While it capitalized on anger over Zuma to win 27 percent of the vote in the 2016 municipal elections, up from 22 percent in a national ballot two years earlier, it's now up against a ruling party that's been revitalized under new leadership. The ...and more »
South Africa’s main opposition party is proving to be its own worst enemy as it bids to topple the ruling African National Congress from power in next year’s elections.
Instead of capitalizing on voter antagonism toward the ANC and President Jacob Zuma over a succession of scandals, the Democratic Alliance has stumbled, with its mayors’ performance drawing criticism in several of the biggest cities it runs, including Cape Town and Johannesburg. The party is also struggling to deal with a severe water crisis in Cape Town and improve services in municipalities where it wrested control from the ANC in 2016.
The city of Cape Town is tapping water from Table Mountain to fill the Molteno reservoir.
Photographer: Waldo Swiegers/Bloomberg
“The DA has been shooting itself in the foot,” said Xolani Dube, a political analyst at the Xubera Institute for Research and Development in the port city of Durban. “Its internal problems are doing serious damage to its image and will undermine its attempts to portray itself as a viable alternative to the ANC.”
Personality clashes and disagreements over policy have already cost the DA control of one major town, Mogale City, northwest of Johannesburg, and its mayor in Cape Town risks being ousted by her own party in the coming weeks.
The timing for the DA’s woes is awful. While it capitalized on anger over Zuma to win 27 percent of the vote in the 2016 municipal elections, up from 22 percent in a national ballot two years earlier, it’s now up against a ruling party that’s been revitalized under new leadership.
The election of Cyril Ramaphosa to replace Zuma as its leader in December will probably reduce the odds of the ANC’s support dropping below the 50 percent mark in 2019. The party has won every vote outright since apartheid ended in 1994 when Nelson Mandela led it to power.
Cape Town Crisis
In Cape Town, which the DA has controlled since 2006, Mayor Patricia de Lille faces an official probe after being accused by her fellow party members of poor administration and a high-handed management style -- allegations she denies. The standoff comes as the city battles to address chronic water shortages due to the worst drought on record, with taps set to run dry in April unless consumption is curbed or there is unseasonal heavy rain.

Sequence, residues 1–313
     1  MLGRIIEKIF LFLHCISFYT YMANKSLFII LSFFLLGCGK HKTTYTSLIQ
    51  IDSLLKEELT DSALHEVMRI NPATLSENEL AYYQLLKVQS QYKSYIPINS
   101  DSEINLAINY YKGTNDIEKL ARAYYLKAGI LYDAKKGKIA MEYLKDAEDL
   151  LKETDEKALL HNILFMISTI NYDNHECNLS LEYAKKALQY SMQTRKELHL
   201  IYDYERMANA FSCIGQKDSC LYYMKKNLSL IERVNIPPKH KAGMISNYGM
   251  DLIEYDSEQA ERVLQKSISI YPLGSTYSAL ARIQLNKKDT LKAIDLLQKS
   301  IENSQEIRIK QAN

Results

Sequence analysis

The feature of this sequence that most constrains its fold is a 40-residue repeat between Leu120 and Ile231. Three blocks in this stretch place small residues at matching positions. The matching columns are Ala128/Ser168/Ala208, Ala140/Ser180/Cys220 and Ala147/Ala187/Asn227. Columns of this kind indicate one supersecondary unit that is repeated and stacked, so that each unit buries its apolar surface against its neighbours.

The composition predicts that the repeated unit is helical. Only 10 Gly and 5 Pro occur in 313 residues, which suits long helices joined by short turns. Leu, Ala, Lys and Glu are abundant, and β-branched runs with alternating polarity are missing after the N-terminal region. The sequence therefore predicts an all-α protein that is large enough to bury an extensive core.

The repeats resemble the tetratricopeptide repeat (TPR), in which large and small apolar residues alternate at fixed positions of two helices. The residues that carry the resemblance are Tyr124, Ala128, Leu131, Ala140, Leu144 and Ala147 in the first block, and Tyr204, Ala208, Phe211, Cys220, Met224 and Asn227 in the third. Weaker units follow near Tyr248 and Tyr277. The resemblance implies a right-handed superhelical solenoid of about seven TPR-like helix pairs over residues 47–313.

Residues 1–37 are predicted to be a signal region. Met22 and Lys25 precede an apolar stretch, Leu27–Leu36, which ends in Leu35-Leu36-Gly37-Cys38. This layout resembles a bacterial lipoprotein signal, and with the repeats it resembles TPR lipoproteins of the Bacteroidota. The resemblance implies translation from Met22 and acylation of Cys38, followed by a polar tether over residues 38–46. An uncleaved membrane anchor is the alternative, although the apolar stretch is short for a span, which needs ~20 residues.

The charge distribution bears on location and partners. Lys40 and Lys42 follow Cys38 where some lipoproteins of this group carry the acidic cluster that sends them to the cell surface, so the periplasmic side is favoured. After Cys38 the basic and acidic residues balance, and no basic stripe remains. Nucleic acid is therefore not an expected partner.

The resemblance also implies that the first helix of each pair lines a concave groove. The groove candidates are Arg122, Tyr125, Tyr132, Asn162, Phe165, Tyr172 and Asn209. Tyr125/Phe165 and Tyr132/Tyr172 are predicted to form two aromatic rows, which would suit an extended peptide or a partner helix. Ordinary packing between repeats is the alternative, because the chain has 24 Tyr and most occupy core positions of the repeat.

Read more about Cape Town’s water crisis
“The DA has been hit by a perfect storm of party infighting in Cape Town and a natural disaster,” said Daniel Silke, the director of Political Futures Consultancy and a former DA counselor in the city. “While the majority of residents don’t care about political ideology, they do care about water very much. If the DA do not get a grip on this crisis, they could face a ratepayers’ revolt.”
In Johannesburg, the economic hub, Mayor Herman Mashaba has alienated many of his fellow DA officials and party supporters with his hard-line approach toward dealing with illegal immigrants and a perceived autocratic governing style. He’s also been criticized on talk shows and social media for not doing enough to fill potholes and fix broken traffic lights, and for power and water outages that have hit the city in recent months.
Last June, the DA lost control of Mogale City after some councilors in the municipality’s ruling coalition broke ranks with their parties and sided with the ANC to topple the mayor. In the southern municipality of Nelson Mandela Bay, Mayor Athol Trollip has been at loggerheads with his coalition partners from the United Democratic Movement, and in November last year narrowly survived a no-confidence motion brought by the ANC.
Mmusi Maimane, who has led the DA since 2015, says the party has to show that it remains true to its commitment to tackle corruption and mismanagement.
“We have to act,” he said by phone from Cape Town. “Our supporters, many of whom may not like it at first, come around once we present them with the evidence.”
Read more about no-confidence motions in DA mayors last year
The party was founded in 2001 when the Democratic Party, Federal Alliance and New National Party, an offshoot of the National Party that ruled during apartheid, agreed to merge. In 2010, De Lille’s Independent Democrats agreed to disband and join the DA.
As its support has grown, the DA has been forced to assimilate a range of disparate groups that exposed it to similar factionalism that has plagued the ANC for years, according to Melanie Verwoerd, an independent political analyst and former ruling party lawmaker.
“As the party grows it will have to find a way of accommodating all the groups it absorbs,” she said. “What is happening in Cape Town and Johannesburg shows that it is not.”
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